“Philippians 4: 4 Rejoice in the Lord always. I will say it again: Rejoice! 5 Let your gentleness be evident to all. The Lord is near. 6 Do not be anxious about anything, but in every situation, by prayer and petition, with thanksgiving, present your requests to God. 7 And the peace of God, which transcends all understanding, will guard your hearts and your minds in Christ Jesus. 8 Finally, brothers and sisters, whatever is true, whatever is noble, whatever is right, whatever is pure, whatever is lovely, whatever is admirable—if anything is excellent or praiseworthythink about such things.”

I have written about this before in regards to how I try to structure my thinking, but in relation to parenting, I ask my children to investigate what is going on in their hearts. Are they making decisions out of fear, or nobility. Are they doing what’s easy or what’s right? Do they strive for purity in their hearts and minds or are they acting out of judgmental self-righteousness? Do they focus on living a life that brings glory to God or to themselves? Is truth more important to them than ego. Are their hearts filled with gratitude or dissatisfaction and jealousy? Is their driving force a peaceful faith or a fearful reaction? Is their time in prayer and Bible study based in some legalistic check list that earns them godly Brownie points, or does it flow from a heart of love, faith, and gratitude for what the Lord has done for us? It’s not that children are mature enough to manage such complex ideas at all times, but it I do believe it is in their best interest to lay a foundation of self reflection so they can make decisions with an honest and surrendered heart before the Lord.

There are several verses in Romans 14 & 15 that make my next point, but the Bible is literally loaded to the gills with supporting passages that give me my next parenting paradigm.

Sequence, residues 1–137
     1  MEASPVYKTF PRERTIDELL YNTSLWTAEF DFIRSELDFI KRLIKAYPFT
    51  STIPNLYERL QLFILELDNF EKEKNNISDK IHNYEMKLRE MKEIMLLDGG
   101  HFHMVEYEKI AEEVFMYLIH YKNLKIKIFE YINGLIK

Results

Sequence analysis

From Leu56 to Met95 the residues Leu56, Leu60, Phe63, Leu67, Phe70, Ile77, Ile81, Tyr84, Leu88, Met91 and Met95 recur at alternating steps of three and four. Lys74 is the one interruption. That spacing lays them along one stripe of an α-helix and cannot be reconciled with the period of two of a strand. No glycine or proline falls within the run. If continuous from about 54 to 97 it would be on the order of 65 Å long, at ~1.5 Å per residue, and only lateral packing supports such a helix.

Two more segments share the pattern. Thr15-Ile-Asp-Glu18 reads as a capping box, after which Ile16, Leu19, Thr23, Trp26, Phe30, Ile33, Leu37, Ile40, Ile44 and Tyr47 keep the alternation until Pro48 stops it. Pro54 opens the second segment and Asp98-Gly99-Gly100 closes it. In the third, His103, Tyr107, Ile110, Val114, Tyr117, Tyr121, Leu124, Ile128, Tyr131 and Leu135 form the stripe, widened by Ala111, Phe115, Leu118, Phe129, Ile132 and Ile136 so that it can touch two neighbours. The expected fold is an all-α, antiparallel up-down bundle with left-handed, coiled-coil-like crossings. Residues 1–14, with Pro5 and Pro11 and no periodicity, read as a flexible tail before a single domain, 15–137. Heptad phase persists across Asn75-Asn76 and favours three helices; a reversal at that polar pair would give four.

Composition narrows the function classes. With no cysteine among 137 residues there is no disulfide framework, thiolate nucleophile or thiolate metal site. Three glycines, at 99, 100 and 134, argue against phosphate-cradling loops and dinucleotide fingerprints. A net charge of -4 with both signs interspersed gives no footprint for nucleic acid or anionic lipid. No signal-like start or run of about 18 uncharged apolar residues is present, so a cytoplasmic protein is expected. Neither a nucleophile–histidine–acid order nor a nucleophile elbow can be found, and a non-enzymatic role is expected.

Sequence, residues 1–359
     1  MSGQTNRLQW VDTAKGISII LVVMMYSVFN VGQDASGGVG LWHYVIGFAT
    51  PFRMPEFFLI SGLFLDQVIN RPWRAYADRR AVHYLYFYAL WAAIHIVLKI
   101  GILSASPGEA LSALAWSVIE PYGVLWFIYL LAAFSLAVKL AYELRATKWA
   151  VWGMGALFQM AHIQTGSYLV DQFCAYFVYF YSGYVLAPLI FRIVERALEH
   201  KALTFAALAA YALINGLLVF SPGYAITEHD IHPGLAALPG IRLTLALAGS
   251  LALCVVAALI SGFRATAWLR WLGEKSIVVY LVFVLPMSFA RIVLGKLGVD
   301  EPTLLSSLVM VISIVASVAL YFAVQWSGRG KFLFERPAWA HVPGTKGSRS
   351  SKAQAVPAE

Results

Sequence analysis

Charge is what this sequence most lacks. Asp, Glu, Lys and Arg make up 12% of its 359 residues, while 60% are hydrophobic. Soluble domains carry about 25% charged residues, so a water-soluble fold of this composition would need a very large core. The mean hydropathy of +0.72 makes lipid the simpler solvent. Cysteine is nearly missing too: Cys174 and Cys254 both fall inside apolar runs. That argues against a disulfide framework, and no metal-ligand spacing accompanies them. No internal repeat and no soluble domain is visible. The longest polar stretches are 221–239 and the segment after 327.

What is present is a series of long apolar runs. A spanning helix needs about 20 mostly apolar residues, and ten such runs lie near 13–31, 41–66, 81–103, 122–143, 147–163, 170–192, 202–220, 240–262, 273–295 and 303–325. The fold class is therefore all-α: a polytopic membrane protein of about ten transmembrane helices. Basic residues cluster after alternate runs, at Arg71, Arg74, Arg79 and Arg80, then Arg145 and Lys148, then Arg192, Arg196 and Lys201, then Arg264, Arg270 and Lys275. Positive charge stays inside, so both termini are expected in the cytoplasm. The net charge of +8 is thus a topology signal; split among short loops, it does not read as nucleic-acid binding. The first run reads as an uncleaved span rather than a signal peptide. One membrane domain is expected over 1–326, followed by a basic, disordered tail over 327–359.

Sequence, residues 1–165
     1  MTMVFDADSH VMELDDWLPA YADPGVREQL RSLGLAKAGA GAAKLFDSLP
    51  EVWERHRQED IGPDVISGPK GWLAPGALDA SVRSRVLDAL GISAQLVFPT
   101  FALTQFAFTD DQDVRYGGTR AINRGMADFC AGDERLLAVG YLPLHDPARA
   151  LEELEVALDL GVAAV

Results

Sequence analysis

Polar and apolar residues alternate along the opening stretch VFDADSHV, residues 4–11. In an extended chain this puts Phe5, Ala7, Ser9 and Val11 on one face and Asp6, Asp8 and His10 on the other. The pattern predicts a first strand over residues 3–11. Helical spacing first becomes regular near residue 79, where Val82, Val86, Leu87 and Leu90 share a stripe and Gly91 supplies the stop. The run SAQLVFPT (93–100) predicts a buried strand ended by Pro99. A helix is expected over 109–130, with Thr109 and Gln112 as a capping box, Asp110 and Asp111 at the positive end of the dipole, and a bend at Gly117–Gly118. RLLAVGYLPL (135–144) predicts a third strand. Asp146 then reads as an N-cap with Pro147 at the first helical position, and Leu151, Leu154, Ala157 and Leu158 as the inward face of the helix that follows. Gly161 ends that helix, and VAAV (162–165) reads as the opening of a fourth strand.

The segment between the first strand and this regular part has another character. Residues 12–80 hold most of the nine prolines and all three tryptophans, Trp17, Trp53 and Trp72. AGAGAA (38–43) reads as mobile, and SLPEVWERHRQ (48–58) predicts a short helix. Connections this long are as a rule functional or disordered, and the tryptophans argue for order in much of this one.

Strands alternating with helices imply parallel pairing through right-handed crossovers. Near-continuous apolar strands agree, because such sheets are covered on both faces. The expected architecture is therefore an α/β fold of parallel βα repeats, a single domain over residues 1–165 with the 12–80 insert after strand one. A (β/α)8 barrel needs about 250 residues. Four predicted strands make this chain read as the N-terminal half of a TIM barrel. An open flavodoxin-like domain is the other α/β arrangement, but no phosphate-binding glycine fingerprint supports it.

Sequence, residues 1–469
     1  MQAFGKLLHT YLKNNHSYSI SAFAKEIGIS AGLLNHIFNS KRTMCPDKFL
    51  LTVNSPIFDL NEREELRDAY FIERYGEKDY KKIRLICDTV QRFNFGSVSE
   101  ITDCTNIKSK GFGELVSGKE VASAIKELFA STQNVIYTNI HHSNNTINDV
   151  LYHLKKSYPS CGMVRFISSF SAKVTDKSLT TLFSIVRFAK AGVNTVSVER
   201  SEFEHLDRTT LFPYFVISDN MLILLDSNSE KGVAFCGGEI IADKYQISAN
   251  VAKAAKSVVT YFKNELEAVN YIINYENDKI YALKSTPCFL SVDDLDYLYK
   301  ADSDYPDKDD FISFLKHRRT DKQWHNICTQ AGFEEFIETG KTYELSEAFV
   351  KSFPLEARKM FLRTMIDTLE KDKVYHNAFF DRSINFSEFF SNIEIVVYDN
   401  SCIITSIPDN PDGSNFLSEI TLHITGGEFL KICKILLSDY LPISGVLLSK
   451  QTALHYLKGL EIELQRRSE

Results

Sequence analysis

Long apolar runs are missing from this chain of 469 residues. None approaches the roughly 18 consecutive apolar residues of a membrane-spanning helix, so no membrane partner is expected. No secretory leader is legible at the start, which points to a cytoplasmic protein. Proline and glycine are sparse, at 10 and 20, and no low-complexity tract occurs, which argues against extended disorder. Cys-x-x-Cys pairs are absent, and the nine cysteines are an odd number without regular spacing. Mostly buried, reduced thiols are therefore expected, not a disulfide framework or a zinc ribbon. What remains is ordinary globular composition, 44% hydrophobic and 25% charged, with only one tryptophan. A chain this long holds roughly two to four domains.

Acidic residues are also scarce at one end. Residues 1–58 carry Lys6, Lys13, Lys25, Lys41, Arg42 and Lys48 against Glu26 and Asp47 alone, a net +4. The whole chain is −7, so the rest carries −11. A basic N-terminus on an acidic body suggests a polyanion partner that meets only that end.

Romans 14
1 Accept the one whose faith is weak, without quarreling over disputable matters.
4 Who are you to judge someone else’s servant? To their own master, servants stand or fall. And they will stand, for the Lord is able to make them stand.
10 You, then, why do you judge your brother or sister? Or why do you treat them with contempt? For we will all stand before God’s judgment seat.
11 It is written:
“‘As surely as I live,’ says the Lord,
‘every knee will bow before me;
every tongue will acknowledge God.’”[b]
12 So then, each of us will give an account of ourselves to God. 13 Therefore let us stop passing judgment on one another.
17 For the kingdom of God is not a matter of eating and drinking, but of righteousness, peace and joy in the Holy Spirit,
18 because anyone who serves Christ in this way is pleasing to God and receives human approval.
19 Let us therefore make every effort to do what leads to peace and to mutual edification.

Romans 15
1 We who are strong ought to bear with the failings of the weak and not to please ourselves. 2 Each of us should please our neighbors for their good, to build them up. 3 For even Christ did not please himself but, as it is written: “The insults of those who insult you have fallen on me.” 4 For everything that was written in the past was written to teach us, so that through the endurance taught in the Scriptures and the encouragement they provide we might have hope.
5 May the God who gives endurance and encouragement give you the same attitude of mind toward each other that Christ Jesus had, 6 so that with one mind and one voice you may glorify the God and Father of our Lord Jesus Christ.
7 Accept one another, then, just as Christ accepted you, in order to bring praise to God.

And here’s one of my favorite Bible passages to-the-max.